A week

Why don’t I increase the boredom of my blog by telling you about my week, my work.

I arrive on location between 9 and 9.30.  My first class starts at 9.30, and the first block stops at noon.  Being the generous person I am, these adult classes often go in overtime.  These are my mother classes, since I realized pretty soon that if the mother is engaged in learning English, their children often learn faster.

Then, I get a “break” until 14:30.  Not really a break, since this is the time I need to do all my admin and prepping classes, managing my employees, and looking/checking all the other details that cannot be missed.  Since every class is unique, I prep different lessons for each class.  Luckily, after five years, I have become quite adept at doing so, but a novice might not be so fortunate.

At 14:30 my first classes start, all the way till 21:30.  Yes, the math geniuses among you discovered that is already a 12 hour workday.  I wish I could say I went home after that.  Often I still have plenty of stuff to take care of that could take up at least another hour.  First one in, last one out.

This is not abnormal when you run your own business.  All responsibility lies on your shoulder. “Why don’t you hire more people to do the work?”, I hear you say.  Do you think it is that easy to find/trust people who could do those things? I have said before that the moment you hire people, the chance is great that the quality of their work is seldom at your level, and it takes a lot of energy and supervising to get people to work at the same level.  Which often makes me feel that the time and money spend was not a good idea; doing it myself would have been easier.  You also might not have the revenue/margin at certain times to support additional people working for you.  HR takes up a huge chunk of admin time, just finding people can drain you.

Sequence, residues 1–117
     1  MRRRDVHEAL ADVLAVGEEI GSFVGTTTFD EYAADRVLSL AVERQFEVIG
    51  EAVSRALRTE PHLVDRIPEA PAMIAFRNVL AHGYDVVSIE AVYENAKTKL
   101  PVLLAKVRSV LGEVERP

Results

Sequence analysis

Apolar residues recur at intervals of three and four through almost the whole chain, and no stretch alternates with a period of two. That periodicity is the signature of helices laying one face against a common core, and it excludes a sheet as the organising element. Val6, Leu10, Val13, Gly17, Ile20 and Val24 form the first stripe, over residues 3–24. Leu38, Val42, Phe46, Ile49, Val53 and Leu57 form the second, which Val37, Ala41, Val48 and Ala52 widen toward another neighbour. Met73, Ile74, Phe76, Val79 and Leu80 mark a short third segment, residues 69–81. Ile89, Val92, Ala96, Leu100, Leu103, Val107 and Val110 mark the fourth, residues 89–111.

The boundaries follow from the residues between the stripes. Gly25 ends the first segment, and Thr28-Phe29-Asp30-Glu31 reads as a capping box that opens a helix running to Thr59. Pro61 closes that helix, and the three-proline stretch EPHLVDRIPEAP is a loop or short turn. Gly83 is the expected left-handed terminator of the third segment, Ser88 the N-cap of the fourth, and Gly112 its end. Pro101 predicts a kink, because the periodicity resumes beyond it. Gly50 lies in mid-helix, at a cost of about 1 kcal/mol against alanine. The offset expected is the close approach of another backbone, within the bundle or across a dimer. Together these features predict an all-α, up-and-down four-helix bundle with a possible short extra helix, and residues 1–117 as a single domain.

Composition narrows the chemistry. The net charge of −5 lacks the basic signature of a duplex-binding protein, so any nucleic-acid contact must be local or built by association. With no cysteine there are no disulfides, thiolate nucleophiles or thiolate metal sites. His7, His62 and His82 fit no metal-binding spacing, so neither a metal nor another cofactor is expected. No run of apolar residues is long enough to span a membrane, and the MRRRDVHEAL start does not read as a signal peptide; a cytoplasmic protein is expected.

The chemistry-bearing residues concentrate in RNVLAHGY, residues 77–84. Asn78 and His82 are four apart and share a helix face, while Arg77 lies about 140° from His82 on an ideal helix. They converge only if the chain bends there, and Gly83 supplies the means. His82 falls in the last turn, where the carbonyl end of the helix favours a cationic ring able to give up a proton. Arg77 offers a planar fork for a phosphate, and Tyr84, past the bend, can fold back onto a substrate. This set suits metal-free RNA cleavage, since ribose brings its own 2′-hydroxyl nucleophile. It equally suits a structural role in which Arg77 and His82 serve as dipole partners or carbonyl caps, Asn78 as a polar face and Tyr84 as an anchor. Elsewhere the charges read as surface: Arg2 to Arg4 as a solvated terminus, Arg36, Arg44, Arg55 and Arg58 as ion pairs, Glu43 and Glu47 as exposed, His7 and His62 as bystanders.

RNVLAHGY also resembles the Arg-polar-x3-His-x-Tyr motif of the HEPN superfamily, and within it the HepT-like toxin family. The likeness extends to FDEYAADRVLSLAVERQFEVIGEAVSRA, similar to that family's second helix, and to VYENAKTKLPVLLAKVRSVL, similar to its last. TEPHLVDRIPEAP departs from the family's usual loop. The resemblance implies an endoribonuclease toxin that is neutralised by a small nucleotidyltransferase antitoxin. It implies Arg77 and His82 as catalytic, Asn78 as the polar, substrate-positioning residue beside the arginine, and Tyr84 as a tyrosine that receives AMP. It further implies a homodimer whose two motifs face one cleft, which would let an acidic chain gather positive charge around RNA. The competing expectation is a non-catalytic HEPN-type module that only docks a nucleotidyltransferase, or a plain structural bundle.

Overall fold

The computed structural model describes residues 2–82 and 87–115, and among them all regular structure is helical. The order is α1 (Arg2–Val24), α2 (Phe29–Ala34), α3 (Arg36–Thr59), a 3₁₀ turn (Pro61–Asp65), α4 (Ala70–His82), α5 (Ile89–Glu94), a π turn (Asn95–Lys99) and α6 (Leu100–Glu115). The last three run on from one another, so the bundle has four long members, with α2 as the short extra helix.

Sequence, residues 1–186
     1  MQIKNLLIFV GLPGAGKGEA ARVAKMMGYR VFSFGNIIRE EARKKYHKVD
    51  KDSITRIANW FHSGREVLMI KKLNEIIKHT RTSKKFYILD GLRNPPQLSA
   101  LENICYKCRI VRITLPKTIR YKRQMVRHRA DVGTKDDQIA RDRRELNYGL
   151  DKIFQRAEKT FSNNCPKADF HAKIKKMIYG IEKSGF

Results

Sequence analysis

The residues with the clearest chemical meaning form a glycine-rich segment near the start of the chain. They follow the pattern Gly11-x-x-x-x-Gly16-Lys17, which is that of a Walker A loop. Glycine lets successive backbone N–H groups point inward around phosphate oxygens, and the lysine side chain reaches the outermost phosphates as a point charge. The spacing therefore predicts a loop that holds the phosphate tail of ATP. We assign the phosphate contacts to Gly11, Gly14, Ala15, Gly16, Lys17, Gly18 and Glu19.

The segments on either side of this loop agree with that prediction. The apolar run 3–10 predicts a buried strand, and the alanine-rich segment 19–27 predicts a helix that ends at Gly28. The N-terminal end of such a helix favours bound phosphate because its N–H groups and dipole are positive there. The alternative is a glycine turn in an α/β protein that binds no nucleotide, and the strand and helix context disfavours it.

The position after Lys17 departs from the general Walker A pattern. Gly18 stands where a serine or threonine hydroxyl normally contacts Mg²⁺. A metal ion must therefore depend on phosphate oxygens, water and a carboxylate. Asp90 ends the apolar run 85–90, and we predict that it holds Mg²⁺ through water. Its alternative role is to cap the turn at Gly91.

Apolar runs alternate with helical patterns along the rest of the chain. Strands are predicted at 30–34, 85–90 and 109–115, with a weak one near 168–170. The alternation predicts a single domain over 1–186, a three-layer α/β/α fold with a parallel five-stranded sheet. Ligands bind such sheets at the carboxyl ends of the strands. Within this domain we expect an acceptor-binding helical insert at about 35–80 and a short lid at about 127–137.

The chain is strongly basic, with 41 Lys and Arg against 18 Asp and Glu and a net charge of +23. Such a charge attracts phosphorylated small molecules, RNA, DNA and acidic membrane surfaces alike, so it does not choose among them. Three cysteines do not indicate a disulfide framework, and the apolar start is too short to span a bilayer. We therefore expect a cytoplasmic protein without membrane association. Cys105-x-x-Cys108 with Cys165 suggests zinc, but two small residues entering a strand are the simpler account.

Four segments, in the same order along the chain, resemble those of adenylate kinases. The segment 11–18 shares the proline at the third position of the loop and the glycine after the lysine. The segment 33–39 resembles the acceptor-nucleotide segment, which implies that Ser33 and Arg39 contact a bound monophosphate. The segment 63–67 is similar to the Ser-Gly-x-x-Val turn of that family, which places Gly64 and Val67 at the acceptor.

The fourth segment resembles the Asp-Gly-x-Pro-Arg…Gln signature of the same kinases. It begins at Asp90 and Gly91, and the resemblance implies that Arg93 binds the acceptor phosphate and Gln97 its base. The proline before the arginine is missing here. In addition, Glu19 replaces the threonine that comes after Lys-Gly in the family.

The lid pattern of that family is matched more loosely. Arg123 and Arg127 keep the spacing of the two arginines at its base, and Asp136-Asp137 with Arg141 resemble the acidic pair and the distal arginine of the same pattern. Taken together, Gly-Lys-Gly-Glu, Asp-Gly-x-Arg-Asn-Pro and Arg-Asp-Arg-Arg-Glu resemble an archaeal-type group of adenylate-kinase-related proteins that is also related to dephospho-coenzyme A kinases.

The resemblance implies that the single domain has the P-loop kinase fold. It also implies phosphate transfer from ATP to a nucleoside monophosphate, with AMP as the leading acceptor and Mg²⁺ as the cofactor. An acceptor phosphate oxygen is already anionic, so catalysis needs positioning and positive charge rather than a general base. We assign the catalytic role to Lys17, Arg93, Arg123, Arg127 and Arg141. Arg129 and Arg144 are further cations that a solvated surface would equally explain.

Now this is the soup and potatoes of the workweek. I can tell you that every week brings new surprises.  For instance, I get a lot of mothers asking to prepare there kids for specific events (speech contests, tests, exams, …) which require additional time to plan, organize and implement.  Then there are people walking in, and every person that walks through my door needs to get my full attention.    Then there are the scheduling issues, the transport issues, the parents who all of a sudden need reassurance that their kids are doing well.  Let’s not forget all the admin that needs to be taken care of when new teachers are being employed (which can easily take up 20 hours of your time).  Let’s not forget the Summer and Winter camps that take additional organizational issues with them, not in the least getting all the materials in order, and getting people to sign up.  Advertising! Let’s not forget that one.  Outsourcing this is not necessarily better for your business, when you outsource you often get plain vanilla approaches that look just like everybody else’s advertising.  So you need to design and find content and get it distributed.

This week though I got a nice little extra surprise.  I got a call at 04:00 telling my that someone entered my school without turning the alarm off.  Luckily, I seldom have any cash lying around, the burglar gained entrance without destroying my property, and my security service was on the scene within 10 minutes of the alarm going off.  Now, I have to look at additional security (mo’money) to evade such an event.   Too bad I had to go to the police, and file the burglary, which took another nice chunk out of the little available time I have.

If you ever do decide you have the physical and mental stamina to deal with this, all the while carrying a smile on your face, then maybe running a school is right for you.


What do teachers have to complain about anyway!!